The Pescavore’s Dilemma: Boston’s Restaurant Scene Is Having a Seafood Moment
Despite Boston’s sterling reputation as a seafood mecca, our actual options for ocean-sourced gorgery have always been surprisingly paltry. Not that the restaurants we have at any given moment aren’t stellar—but growth has remained curiously stagnant, as though some immutable natural law makes us max out at the half-dozen mark. Meanwhile, every other restaurant genre saturates our dining scene in categorical droves, be it 2007’s steakhouse-crazed Year of the Cow, 2010’s Gastropub Invasion, or 2011’s Upscale Mexican Revolution.
This winter, at long last, there’s some significant movement on the fresh-catch front, with three new restaurants joining the fish-fillet fray. Is an honest-to-goodness seafood moment in the making?
“Of all the great little restaurants in Boston, you would think you would see more seafood,” says Jeremy Sewall, chef and co-owner of Island Creek Oyster Bar. In November, he and the rest of the ICOB team upped the aquatic ante with the introduction of Row 34, a more-casual version of its polished Kenmore Square sibling. The Fort Point newbie offers 25-odd craft brews on draft, a slew of crudos and ceviches, fun snacks like fried-oyster lettuce wraps, and lots of shellfish-studded pastas.
Taking a similarly casual approach is Merrill & Co., a new spot from Bina Family Hospitality (Lala Rokh, Bin 26, JM Curley) that’s slated to open this spring in the former 28 Degrees space in the South End. “[It’s] a place where you can go enjoy great beverages and food—and it happens to be fresh seafood,” says co-owner Babak Bina. This translates to lots of beer on tap, a big raw bar, sea-focused dishes like fish tacos, grilled baby octopus, and fried calamari, and a variety of brick-oven pizzas from chef Jason Cheek, an alum of KO Prime and Toro.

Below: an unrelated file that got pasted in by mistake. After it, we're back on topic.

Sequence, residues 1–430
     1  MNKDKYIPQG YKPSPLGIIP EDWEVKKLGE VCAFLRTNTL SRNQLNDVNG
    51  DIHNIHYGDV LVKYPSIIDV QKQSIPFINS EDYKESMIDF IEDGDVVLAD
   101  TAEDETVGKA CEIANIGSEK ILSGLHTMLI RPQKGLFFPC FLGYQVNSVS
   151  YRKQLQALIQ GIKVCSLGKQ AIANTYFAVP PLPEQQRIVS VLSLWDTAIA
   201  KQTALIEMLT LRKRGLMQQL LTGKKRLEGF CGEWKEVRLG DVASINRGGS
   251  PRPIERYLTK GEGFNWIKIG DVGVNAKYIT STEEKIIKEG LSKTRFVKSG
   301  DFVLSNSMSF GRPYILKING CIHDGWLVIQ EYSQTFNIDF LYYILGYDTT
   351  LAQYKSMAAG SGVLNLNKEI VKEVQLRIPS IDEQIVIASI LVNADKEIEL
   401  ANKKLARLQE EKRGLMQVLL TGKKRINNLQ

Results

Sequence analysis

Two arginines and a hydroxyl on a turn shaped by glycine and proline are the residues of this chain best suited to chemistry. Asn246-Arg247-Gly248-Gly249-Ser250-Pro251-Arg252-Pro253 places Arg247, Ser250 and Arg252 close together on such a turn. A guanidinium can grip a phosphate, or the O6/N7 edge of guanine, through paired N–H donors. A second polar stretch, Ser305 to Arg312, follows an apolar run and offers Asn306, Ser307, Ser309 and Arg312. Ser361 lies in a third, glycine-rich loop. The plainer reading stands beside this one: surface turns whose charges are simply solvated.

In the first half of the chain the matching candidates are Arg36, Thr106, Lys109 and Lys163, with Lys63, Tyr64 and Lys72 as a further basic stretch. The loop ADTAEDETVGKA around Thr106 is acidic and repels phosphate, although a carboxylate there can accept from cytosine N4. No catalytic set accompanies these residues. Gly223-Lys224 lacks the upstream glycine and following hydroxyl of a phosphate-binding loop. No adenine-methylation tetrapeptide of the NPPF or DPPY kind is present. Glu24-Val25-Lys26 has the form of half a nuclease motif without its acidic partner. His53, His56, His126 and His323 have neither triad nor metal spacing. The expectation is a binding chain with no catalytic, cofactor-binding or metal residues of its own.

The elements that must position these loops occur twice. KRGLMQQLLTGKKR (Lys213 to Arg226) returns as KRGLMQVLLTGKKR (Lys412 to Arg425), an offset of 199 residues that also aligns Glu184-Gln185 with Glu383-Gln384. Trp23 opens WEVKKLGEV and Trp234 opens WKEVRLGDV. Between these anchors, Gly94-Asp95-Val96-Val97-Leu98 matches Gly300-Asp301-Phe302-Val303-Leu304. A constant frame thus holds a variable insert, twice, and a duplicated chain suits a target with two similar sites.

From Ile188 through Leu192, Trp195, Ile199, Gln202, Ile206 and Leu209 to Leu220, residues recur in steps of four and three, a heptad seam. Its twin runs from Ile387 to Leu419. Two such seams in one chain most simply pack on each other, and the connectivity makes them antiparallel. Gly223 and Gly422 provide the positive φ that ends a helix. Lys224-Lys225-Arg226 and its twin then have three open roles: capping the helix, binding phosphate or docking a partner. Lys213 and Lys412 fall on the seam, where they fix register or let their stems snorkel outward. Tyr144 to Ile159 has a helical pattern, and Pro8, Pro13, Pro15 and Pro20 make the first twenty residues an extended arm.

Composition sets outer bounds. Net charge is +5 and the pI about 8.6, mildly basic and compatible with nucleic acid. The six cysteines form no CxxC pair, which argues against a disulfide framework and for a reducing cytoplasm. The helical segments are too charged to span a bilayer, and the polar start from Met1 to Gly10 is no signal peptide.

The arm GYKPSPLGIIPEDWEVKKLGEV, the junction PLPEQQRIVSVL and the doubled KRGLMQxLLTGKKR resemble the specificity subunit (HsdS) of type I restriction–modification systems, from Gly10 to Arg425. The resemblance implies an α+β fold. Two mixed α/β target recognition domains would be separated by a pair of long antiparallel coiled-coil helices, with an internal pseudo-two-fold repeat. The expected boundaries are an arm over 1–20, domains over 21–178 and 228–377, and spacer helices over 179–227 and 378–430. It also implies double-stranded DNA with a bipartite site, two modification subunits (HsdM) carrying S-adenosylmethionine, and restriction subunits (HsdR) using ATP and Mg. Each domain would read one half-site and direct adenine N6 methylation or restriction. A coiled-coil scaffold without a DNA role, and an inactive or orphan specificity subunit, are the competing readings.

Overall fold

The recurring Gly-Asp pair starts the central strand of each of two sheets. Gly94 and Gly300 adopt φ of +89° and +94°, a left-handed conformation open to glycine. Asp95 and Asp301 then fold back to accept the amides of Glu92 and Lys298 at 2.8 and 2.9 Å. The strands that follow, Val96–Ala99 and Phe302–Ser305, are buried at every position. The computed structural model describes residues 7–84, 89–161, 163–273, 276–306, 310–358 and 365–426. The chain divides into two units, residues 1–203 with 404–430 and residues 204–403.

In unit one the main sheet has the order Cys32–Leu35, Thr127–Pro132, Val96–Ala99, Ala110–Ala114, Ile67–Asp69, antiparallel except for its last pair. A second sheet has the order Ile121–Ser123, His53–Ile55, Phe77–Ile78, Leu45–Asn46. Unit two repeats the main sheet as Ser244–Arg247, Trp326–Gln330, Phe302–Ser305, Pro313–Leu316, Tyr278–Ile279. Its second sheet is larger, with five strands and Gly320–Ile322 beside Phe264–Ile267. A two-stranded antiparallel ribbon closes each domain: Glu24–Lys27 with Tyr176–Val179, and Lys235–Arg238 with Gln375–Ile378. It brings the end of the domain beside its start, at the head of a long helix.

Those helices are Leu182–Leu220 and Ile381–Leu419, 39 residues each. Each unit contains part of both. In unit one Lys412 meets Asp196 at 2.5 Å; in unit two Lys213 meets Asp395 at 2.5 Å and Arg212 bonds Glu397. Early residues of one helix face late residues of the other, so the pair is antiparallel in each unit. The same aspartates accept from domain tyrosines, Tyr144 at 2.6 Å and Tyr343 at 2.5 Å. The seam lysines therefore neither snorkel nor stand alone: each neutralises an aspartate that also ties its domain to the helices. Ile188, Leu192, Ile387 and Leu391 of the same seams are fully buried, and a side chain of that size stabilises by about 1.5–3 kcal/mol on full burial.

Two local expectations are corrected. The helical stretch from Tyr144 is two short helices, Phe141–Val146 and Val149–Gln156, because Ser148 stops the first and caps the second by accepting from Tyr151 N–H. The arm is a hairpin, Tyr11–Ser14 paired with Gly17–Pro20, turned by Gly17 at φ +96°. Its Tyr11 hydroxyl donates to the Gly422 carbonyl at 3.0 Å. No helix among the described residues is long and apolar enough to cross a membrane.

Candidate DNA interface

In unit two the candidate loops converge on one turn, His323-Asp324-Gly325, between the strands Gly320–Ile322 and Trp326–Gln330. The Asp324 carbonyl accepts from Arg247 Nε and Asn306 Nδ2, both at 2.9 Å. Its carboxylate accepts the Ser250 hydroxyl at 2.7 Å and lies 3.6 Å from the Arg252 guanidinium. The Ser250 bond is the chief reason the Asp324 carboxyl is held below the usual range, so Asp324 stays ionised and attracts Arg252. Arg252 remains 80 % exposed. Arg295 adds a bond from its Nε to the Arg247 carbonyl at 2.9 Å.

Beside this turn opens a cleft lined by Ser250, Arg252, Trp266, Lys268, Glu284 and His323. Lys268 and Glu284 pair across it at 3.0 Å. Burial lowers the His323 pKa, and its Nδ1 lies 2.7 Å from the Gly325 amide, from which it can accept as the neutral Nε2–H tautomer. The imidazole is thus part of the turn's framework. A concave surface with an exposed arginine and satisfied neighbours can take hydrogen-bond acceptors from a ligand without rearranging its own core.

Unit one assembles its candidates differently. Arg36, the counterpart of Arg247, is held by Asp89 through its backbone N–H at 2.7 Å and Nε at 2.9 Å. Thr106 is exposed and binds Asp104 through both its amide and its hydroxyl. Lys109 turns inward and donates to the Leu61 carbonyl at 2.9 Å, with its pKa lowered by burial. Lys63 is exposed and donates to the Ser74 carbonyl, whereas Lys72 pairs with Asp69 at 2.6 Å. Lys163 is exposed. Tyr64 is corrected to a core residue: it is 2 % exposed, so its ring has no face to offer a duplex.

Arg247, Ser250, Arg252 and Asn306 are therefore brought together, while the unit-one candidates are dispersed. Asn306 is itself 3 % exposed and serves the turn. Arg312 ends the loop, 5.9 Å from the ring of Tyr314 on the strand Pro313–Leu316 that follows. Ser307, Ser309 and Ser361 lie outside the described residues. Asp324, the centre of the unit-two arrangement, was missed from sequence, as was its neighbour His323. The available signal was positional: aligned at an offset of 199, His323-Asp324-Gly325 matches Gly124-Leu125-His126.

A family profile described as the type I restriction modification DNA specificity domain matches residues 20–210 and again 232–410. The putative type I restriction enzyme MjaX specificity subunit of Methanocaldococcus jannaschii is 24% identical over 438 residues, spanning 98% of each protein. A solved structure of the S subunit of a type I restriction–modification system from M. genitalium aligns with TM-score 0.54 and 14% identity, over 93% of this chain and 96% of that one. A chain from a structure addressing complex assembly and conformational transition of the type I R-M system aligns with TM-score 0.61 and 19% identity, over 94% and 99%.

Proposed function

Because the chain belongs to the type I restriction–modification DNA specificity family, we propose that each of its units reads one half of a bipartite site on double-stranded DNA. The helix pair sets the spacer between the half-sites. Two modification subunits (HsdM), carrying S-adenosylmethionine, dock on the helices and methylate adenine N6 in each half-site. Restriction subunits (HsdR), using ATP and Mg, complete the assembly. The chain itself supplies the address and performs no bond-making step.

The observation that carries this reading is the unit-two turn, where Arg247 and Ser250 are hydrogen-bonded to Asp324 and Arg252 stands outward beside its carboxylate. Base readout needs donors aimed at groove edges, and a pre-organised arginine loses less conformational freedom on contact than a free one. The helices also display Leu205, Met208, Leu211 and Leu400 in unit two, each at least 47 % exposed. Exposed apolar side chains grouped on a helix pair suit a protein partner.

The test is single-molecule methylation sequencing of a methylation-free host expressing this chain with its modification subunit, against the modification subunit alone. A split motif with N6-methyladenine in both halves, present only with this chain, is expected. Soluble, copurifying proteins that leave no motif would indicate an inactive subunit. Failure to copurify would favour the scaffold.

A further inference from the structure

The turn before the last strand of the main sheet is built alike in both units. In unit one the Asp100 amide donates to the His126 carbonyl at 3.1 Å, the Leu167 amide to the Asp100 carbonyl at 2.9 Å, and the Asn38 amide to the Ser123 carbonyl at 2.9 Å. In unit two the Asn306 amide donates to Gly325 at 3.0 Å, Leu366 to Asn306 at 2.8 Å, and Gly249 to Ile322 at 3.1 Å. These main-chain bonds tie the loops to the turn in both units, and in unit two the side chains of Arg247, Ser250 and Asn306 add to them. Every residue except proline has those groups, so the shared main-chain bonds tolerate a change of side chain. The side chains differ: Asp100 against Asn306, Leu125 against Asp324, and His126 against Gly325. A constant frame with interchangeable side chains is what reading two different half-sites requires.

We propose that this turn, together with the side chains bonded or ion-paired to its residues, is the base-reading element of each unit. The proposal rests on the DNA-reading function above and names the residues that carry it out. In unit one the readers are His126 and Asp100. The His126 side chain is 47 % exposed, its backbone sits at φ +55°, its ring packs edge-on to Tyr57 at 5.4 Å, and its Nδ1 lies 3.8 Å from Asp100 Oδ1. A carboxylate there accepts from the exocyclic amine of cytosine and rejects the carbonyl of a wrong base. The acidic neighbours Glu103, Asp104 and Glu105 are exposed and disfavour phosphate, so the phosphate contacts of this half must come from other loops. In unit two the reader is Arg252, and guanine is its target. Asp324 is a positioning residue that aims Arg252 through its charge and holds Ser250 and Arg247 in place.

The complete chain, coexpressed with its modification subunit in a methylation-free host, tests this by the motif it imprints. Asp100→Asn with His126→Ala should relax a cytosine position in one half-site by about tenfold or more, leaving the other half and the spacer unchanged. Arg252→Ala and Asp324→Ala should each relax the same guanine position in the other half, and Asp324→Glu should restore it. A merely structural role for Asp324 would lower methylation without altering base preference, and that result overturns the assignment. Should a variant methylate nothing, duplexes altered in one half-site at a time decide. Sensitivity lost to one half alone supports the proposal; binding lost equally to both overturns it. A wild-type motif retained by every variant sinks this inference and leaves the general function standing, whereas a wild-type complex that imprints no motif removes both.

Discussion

Where Merrill & Co. and Row 34 are deliberately casual, Ostra, open in the former Avila space in the Theater District, is deliberately anything but. The newest spot from chef-owner Jamie Mammano, who also runs similarly swanky restaurants like Mistral, Sorellina, Teatro, and L’Andana, Ostra features soaring 18-foot ceilings, jellyfish-inspired chandeliers, white tablecloths, and dinner-as-theater displays (think: whole salt-crusted branzino for two cracked open and plated tableside; 3-pound lobsters served with the already plucked, blanched, and broiled meat tucked back into the shell). “There are so many great ‘little gem’ restaurants and great young chefs. We are comfortable with a certain size restaurant,” Mammano says. “There is an opportunity there for an elegant dining experience and showcasing seafood from around the world.”
Despite the difference in opulence—and price point, for that matter—Ostra, Merrill & Co., and Row 34 all have one thing in common: They’re making it a lot easier to find an exciting seafood-driven meal in the city. Fresh-fish-ionados, rejoice.